It was at this time that the city began (rightfully) to look at animal control laws. After more than a year of discussion, the new law passed in June, 2011.
While I confess that I don't have a huge problem with the restrictions for the dog owners (a $20 licensing fee, plus containment are very good laws), the laws should be in place for ALL dog owners.
But that said, has the ordinance itself been effective? At least the way Inspector Stemple claims?
Last week, in a separate story, mLive also posted the total numbers for 2009, 2010 and 2011 -- and YTD 2012. Here are a few of the raw numbers, some percentages that I've calculated, and then some thoughts:
Total Animal calls:
2010: 1,005 (-15%)
2011: 1,281 (+27%)
Jan-Aug 2012: 554 (831 for the year if all are averaged)
2010: 433 (-20%)
2011: 592 (+37%)
Jan-Aug 2012: 242 (363)
2010: 11 (-54%)
2011: 9 (-18%)
2012: 3 (5)
What is interesting about the numbers is that in 2010, the city saw significant decreases in incidents across the board -- 15% fewer calls, 20% fewer vicious dog calls and 54% fewer bites. While some of the "enforcement measures" went up in 2011 after the passing of the ordinance, bites continued to drop for 2011 and it appears the trend will continue in 2012.
First of all, this is great. I'm glad to see the bite numbers are dropping. People need to feel safe in their neighborhoods. However, the reduction in bites appears to have not be even correlated to the animal control ordinance.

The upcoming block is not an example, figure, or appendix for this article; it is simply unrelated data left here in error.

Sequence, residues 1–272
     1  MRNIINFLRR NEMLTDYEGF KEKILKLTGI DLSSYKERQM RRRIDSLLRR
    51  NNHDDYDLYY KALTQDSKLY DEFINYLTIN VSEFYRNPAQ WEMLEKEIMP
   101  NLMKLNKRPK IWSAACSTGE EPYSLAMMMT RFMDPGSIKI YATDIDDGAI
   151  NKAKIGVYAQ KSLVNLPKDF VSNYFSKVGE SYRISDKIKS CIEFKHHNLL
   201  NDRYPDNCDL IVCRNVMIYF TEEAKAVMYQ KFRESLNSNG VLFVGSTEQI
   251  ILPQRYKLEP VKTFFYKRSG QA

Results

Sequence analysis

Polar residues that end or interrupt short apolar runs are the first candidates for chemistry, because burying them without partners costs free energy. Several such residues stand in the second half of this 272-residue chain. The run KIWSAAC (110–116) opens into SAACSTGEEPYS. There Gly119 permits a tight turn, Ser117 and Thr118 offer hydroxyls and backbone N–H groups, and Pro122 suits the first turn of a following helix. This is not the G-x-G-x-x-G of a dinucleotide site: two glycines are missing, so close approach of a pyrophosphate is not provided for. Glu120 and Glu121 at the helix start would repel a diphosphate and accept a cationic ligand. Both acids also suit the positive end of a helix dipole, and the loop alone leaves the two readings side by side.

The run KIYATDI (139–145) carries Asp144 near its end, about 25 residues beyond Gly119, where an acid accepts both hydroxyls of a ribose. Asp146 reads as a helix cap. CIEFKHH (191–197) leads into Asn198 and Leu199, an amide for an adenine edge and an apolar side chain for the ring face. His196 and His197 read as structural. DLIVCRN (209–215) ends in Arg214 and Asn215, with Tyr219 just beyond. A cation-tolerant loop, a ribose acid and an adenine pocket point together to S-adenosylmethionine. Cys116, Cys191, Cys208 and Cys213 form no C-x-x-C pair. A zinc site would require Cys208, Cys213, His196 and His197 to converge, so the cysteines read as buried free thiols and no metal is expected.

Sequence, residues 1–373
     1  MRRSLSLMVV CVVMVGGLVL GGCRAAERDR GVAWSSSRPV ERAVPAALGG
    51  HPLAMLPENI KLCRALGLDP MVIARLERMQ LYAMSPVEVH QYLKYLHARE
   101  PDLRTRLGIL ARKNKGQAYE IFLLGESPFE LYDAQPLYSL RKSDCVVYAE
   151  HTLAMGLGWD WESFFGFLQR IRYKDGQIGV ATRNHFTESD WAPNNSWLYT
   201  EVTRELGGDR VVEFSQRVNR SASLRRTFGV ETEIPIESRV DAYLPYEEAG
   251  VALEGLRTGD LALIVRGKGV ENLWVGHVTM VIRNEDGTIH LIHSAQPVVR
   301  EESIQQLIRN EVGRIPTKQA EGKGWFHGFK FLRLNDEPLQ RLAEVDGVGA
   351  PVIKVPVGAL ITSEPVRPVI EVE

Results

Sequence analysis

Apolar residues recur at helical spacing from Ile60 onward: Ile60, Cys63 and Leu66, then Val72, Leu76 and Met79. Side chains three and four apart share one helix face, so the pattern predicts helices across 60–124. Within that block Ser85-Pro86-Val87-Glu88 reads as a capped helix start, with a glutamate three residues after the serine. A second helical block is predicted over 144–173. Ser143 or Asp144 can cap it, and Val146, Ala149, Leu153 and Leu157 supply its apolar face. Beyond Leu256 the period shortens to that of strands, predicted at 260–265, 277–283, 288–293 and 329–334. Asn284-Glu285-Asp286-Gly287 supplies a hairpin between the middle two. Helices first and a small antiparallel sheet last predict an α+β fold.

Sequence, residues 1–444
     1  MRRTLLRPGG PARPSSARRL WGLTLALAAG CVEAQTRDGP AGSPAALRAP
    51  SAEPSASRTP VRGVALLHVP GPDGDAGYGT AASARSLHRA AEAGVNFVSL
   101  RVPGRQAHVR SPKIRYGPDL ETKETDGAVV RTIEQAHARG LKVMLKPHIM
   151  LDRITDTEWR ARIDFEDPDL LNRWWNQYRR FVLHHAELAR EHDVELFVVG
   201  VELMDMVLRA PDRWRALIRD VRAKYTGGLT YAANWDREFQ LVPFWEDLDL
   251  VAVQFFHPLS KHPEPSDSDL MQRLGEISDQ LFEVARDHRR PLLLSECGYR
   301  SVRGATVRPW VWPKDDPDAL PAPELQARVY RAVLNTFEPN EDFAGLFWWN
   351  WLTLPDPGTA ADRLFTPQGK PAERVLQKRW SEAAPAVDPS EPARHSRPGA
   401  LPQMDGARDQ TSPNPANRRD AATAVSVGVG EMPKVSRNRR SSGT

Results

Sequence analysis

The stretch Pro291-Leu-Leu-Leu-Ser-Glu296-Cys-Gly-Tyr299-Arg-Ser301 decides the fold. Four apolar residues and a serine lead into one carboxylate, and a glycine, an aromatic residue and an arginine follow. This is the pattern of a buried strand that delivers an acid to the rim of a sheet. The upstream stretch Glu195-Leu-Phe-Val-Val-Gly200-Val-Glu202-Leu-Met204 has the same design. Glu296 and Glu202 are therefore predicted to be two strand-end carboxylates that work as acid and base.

While the ordinance was passed in mid 2011, the biggest reduction in bites came from 2009 to 2010 -- after the incident that sparked the discussion, but before the law was passed. I know this, a law passed in 2011 cannot be credited for a major reduction in dog bites that occurred the year prior. So something else led to the 54% decrease in bites in 2010. This likely had something to do with increased awareness of the impact free-roaming dogs can have in a community, as well as increased activity from local authorities in responding to complaints.
Then, the trend continued (to a lesser extent) in 2011 and 2012. However, the law cannot be attributed to the number of bites going from 24 to 9 in 2 years. At it's best, it can only be responsible for the drop from 11 to 9 in 2011. Again, the biggest dip happened before the law was passed.
And for what it's wroth, residents still aren't terribly happy with the law, as only 12% of the readers responded that dog breeds are dangerous, regardless of who owns them, while 59% say owners are responsible for their animal's behavior and 29% think the ordinance should apply to all dog owners, regardless of breed.
It's no surprise that the authorities in Saginaw are wanting to take credit for the law being a success. The law was very controversial at the time (still is) and they no doubt want to show it works. However, I'm disappointed that the media let them get by with it, and didn't ask the simple question -- what did you do differently in 2010 that accounted for the real reduction in dog bites? Because it wasn't because of the law.